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DNA India
26 March 2011
Bangalore, India

Four out of 10 urban Indians are at a risk of cardiovascular disorders (CVD). The study by SaffolaLife has indicated that Bangaloreans face a higher risk of CVD than people in other Indian cities.

While 44.8% of the population of urban India is at a risk of developing CVD, nearly 54% of Bangaloreans are at risk.

So is that the price of being the IT capital of the country? Experts say Bangalore is more prone to cardiovascular diseases as young people in the city faceexcessive work–related stress.

Dr CN Manjunath, director, Jayadeva Institute of Cardiology said, "Statistics reveal that 25% of the patients whom we treat are below 40 years of age. 10% fall in the 25–30 years category."

Offering an explanation for why the city’s youth are prone to heart ailments, Manjunath said, "The workforce in the city has a large number of people incorporate jobs and software services, and many of these people are burnt out in the process ofachieving too many targets. They suffer a lack of rest and recreation, and this could make for a predisposition to heart ailments."

There are other causes too. Diabetes, which could also be caused by stress, is a condition that could lead to cardiac complications.

"At least 5% of diabetics develop cardiac complications. Also, the present day food habits, and the increased use of pesticides and chemicals in agriculture could trigger cardiac problems," Manjunath said.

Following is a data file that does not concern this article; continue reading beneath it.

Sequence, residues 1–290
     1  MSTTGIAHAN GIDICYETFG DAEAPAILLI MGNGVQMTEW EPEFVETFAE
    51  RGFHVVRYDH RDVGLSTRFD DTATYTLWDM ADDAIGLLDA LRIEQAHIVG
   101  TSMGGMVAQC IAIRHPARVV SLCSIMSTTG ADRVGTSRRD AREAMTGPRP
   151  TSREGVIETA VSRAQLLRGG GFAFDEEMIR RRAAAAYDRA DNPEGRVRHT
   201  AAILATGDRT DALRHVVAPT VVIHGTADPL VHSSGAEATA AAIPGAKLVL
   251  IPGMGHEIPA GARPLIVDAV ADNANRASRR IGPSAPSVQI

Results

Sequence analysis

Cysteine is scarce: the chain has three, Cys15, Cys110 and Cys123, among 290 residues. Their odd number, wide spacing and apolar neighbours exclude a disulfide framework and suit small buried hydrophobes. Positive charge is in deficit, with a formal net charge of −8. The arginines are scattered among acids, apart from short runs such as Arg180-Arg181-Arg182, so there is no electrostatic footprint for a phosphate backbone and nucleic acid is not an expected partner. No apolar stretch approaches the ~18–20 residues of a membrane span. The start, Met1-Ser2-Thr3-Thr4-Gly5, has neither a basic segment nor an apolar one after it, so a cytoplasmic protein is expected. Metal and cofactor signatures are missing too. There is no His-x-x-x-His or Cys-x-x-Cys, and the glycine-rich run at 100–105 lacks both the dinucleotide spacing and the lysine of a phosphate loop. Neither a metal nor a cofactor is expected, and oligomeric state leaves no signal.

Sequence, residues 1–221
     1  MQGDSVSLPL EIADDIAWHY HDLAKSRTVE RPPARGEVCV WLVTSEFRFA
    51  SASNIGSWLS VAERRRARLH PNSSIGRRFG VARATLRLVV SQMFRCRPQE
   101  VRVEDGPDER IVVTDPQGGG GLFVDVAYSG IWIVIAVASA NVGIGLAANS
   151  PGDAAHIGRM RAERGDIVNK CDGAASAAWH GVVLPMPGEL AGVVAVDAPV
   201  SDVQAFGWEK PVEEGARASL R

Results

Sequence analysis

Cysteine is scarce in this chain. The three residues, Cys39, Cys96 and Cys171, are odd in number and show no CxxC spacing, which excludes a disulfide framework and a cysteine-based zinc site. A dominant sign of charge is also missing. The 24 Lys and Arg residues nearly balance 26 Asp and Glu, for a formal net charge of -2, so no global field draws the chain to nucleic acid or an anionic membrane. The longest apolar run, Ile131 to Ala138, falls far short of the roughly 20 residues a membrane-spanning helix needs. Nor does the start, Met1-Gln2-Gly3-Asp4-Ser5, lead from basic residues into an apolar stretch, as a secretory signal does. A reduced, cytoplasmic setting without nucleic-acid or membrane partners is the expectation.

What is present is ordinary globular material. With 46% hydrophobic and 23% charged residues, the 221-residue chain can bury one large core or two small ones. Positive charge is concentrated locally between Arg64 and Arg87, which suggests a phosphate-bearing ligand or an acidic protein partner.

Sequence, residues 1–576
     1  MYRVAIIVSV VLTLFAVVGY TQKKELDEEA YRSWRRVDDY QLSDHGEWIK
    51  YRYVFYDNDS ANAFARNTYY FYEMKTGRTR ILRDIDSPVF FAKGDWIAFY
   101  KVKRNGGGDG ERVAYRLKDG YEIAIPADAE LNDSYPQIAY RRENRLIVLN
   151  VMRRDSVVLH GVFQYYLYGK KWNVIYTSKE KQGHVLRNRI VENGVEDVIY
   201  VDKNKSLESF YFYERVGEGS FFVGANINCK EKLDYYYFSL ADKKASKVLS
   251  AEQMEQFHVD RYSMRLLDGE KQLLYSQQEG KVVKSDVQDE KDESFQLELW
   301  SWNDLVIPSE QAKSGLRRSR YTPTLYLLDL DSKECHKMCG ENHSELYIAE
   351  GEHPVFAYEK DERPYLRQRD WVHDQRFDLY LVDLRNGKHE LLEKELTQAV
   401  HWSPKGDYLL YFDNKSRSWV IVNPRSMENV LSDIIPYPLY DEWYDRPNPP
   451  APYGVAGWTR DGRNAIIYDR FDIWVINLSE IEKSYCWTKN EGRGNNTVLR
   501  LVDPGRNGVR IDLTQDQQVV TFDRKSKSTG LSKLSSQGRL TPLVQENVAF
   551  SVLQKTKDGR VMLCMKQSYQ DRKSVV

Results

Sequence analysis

South India also faces a genetic disadvantage, points out Dr Gopi A, interventional cardiologist, Fortis Hospital. "It may be purely coincidental that Bangaloreans run the highest risk for CVD. South Indians, in general, run a higher risk of developing coronary diseases than north Indians, as they are genetically predisposed to CVD," he said.

The SaffolaLife Study 2010 also noted some differences in the proneness to heart ailments between men and women. While men between 30 and 39 years of age risk developing CVD, the indicators start appearing from the age of 26 years.

For women, the indicators start appearing around 35 years of age, and the risk is highest for women between 50 and 59 years of age. The study revealed that one in 30 women below 40 years is at risk of CVD. For women aged 40 and above, though, one in five is at risk.

"Hypertriglyceridemia is common among diabetics and people who have a high carbohydrate diet. South Indians, with their high intake of rice, have a greater proneness to diabetes than north Indians. Perhaps this could explain the higher risk of CVD among Bangaloreans," said Dr SS Ramesh, consultant cardiologist, VIVUS Life.

The SaffolaLife Study, a comprehensive study on lipid profiles, was conducted across different cities with over 60,000 respondents. The survey was conducted in 2010.

Key findings of the study
While urban populations had high levels of routinely assessed markers such as LDL 24.3%, triglycerides were also high at 28.7%.

Four out of 10 men are at risk with unfavourable total cholesterol to HDL ratio.

Among women, one in four is at risk. Men have higher risk factors than women, although post–menopausal women need special attention as they constitute a distinct sub–group of high risk.

Bangalore, Chennai and Hyderabad have a high proportion of people with a poor triglyceride profile, while Kolkata has a relatively good lipid profile as compared to other metros.

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